1. Taking a significant toll from the enemy to realize the deterrent threat and prove resolve to strengthen deterrence again.
  2. Posing demands for the enemy to change his behavior, by threatening for greater costs.

The rationale behind it is thatto reestablish the “nuclear taboo”, the US must use enforcement by actualizing its previous threats and making Russia pay a price for its action, and by posing an ultimatum with a significant threat for violating it. The ultimate goal of this strategy isa complete stop to any use of nuclear weapons within 48 hours. However, the US will strive to prevent a direct confrontation between NATO and Russia and will present Putin an alternative to the war.

In 2018, the Trump administration wrote the most recent Nuclear Posture Review (NPR) to be published in full, which portrayed a problematic situation for American nuclear deterrence (Jim Mattis, 2018). The NPR highlighted a problem in one of four key factors in deterrence according to Freedman’s “Strategic Coercion” (Freedman L. , 1998) – communication, clarifying your red lines to the other side. It suggested that the Russians might assume that they can use TNWs to escalate and deter the West, and lead to a convenient end for a war.

Therefore, it is suggested in the NPR that the US clarify unequivocally to Russia that any first use in nuclear weapons against the US or its allies and partners will fail in achieving its purpose and lead to unacceptable costs for Russia. For the threat to be credible, it is argued that the US must have both nuclear and conventional tools that can endanger Russian targets (Jim Mattis, 2018).

Regarding the American action, first, President Biden will open the hot-line and will speak to Putin. The message will be that the US will make Russia pay for this use of nuclear weapons which is an unacceptable violation of its red line. Biden will threaten graver consequences in the event of a violation of the 48-hour ultimatum, including a humanitarian direct intervention in the war. Putin will be presented with an alternative, but a complete ceasefire will be a pre-condition to any peace talks. He will be offered a recognition in the Ukrainian constitution of its neutrality position outside of NATO, and a gradual removal of sanctions, in return for an immediate Russian retreat.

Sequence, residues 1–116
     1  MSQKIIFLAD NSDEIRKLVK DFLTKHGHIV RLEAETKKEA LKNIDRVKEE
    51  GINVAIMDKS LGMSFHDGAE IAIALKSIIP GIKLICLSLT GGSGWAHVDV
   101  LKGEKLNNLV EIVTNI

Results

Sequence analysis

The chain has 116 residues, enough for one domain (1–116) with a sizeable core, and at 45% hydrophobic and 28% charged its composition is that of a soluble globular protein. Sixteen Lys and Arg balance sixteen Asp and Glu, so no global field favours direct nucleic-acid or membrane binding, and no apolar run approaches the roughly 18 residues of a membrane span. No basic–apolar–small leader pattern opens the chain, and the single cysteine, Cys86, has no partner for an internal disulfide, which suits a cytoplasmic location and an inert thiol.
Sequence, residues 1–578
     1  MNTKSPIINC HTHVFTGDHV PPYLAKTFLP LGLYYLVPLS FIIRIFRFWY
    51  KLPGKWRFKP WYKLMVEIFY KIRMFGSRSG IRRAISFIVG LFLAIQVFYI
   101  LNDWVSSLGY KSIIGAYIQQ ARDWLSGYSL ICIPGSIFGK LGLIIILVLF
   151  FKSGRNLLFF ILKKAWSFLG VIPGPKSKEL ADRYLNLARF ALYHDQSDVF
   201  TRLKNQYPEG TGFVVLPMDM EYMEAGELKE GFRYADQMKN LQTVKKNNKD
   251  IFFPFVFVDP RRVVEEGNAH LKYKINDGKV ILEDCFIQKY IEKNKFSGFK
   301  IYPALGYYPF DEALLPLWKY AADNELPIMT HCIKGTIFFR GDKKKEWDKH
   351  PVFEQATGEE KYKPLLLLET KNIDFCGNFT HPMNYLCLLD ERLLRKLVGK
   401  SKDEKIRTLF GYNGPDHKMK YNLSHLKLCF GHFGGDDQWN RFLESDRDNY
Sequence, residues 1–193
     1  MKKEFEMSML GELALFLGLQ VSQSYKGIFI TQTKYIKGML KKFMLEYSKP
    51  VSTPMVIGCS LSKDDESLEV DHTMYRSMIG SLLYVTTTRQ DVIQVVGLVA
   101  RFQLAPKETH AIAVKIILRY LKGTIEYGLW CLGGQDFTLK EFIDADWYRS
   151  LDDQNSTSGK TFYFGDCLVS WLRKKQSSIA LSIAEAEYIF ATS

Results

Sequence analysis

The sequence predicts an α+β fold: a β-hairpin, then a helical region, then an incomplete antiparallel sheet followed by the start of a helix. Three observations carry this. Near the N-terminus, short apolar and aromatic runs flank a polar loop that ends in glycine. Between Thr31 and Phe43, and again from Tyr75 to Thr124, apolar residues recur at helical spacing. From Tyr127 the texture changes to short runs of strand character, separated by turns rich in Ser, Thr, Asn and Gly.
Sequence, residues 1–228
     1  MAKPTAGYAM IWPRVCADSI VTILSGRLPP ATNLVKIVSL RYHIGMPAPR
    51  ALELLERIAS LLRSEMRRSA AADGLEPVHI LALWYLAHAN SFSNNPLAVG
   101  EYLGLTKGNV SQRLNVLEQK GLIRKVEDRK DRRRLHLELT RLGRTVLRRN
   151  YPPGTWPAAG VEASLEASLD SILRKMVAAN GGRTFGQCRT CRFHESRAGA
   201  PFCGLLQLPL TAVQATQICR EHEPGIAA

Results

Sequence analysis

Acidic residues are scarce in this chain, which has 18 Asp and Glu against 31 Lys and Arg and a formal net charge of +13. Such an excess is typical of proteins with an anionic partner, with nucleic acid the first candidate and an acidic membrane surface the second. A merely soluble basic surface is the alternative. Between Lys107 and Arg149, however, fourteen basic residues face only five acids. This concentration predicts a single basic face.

Militarily, the US will send maximum conventional military aid to Ukraine, to allow some protection from TNWs, and offensive tools to attack the Russians (Blair, 2022). Moreover, the US will deploy defense systems against nuclear weapons in NATO territory, declaring that nuclear attacks near the borders of NATO will be thwarted. In addition, the US will commit to secure humanitarian corridors with no-fly zones if Russia violates the ultimatum (Raine, 2022).

Diplomatically, NATO will announce that a Russian violation of the ultimatum will lead Finland and Sweden to join the alliance immediately. In the UN, a resolution to ban all Russian representatives from international institutions and cancel its veto power will be prepared for immediate passage if Russia violates the ultimatum.

Economically, NATO countries will announce a complete cutoff of all economic relations with Russia should the latter violate the ultimatum. Moreover, the US will conduct dialogue with China and India on joining the sanctions and pressuring Russia diplomatically to comply with the ultimatum. China might be persuaded by a combination of carrots and sticks.

The carrots would include allowing her to take the diplomatic credit for ending the crisis and pointing to the potential economic loss from the wrecking of Ukraine in which China is the biggest investor (Rennie, 2022) . The sticks would be a threat from the US to further limit economic relations in case China avoids any sanctions after a Russian violation of the ultimatum.

In the press, horrifying pictures from the bombing of Japan in 1945 will be shown with the message that the world must stand up to Putin and join economic sanctions.

Third Scenario – “a killer blow” to Ukrainian resistance

The Russian action in this scenario is explosion of a nuclear bomb in a size similar to those dropped on Hiroshima and Nagasaki (15 kiloton TNT). Russia will drop the bomb on two symbolic Ukrainian targets, far enough from NATO and Russa: Dnipro (a large industrial city) and Odessa (a city that has an important trade harbor and a Ukrainian naval base).